A part of the answer lies in imposing visa sanctions against all citizens and nationals of the PRC: No granting of visas, and denial of entry to those already possessing visas of any kind, including tourists, students, scholars, and temporary guestworkers headed for jobs in Silicon Valley or elsewhere. None. The only exceptions would be for returning PRC nationals who already possess lawful permanent resident status, or for refugee entrants — and the latter only when they are at significant risk. As my colleague Nayla Rush has observed:

Resettlement must be a ticket out only for refugees who are genuinely at risk in the countries hosting them. But contrary to common claims, for most resettlement is not a matter of life and death. Only 17 percent of UNHCR global resettlement submissions in 2018 were urgent or emergency ones.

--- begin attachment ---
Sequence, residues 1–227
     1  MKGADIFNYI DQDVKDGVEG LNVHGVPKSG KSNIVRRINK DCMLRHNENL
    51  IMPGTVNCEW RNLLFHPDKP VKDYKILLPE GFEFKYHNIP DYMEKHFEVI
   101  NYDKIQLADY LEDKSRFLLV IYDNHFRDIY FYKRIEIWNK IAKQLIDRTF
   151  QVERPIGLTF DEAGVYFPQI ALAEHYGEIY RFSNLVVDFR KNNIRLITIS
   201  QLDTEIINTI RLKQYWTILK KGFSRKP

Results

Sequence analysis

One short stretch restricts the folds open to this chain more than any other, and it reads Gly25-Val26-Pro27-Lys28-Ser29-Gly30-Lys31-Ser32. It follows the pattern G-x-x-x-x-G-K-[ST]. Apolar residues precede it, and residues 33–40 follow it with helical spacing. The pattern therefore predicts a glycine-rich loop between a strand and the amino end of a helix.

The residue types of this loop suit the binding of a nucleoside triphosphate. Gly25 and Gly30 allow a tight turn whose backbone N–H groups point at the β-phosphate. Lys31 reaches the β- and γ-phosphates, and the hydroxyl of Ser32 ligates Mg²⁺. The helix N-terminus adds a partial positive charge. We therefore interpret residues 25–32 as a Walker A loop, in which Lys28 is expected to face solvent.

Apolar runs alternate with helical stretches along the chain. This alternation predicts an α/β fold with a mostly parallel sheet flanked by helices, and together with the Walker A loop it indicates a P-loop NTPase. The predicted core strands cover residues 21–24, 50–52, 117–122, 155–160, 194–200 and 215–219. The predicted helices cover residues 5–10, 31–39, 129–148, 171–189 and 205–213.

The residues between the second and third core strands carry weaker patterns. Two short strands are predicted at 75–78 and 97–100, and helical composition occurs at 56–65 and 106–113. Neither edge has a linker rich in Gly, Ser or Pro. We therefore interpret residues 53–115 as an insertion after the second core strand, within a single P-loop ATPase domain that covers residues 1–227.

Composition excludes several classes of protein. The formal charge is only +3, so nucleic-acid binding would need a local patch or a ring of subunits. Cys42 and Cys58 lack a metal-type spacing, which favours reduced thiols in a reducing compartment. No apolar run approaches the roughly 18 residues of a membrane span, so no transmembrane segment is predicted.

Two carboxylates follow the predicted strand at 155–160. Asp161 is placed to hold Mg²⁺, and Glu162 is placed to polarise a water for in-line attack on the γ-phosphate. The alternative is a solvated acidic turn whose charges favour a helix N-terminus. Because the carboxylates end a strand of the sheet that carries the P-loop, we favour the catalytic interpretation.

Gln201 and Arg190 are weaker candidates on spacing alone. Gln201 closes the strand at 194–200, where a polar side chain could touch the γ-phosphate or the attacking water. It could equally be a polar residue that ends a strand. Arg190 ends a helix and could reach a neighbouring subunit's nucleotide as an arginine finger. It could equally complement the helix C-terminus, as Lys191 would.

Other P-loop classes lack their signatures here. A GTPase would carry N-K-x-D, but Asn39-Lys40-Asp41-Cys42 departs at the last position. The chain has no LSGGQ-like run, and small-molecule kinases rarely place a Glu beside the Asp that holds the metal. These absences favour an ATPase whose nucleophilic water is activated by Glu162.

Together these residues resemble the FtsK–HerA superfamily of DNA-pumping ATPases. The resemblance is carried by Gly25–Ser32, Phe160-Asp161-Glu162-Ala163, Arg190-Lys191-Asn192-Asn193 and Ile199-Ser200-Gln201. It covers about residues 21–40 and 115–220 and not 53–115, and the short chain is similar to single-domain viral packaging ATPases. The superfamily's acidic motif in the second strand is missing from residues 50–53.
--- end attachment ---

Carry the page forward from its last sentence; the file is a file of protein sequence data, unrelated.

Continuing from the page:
What would be the legal bases for an action suspending virtually all visas and entries of PRC nationals?

First, the Immigration and Nationality Act (INA) already contains language providing for the exclusion or deportation of aliens whose presence is contrary to the foreign policy interests of the United States — see INA sections 212(a)(3)(C) and 237(a)(4)(C).

Although these provisions are generally understood to be applicable to individual aliens (and should be invoked each and every time a PRC national seeks a visa or applies for admission at a port of entry), the rationale behind them is even more important when applied to a class of aliens if the result will be opening doors to scientific inquiry needed to save thousands of lives now and in the future. Is that not a critical foreign policy interest of the United States? Surely that argument is incontestable.